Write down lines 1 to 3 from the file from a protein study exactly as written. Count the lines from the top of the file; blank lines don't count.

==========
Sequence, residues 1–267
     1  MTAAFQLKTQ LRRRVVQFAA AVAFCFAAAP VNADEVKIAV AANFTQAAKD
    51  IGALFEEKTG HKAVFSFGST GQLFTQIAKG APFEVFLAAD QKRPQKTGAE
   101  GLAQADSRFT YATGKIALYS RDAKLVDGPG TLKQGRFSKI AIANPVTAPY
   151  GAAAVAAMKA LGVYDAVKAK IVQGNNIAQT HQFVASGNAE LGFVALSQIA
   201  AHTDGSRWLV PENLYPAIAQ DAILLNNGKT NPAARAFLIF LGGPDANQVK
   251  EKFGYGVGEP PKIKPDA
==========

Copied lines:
Sequence, residues 1–267
     1  MTAAFQLKTQ LRRRVVQFAA AVAFCFAAAP VNADEVKIAV AANFTQAAKD
    51  IGALFEEKTG HKAVFSFGST GQLFTQIAKG APFEVFLAAD QKRPQKTGAE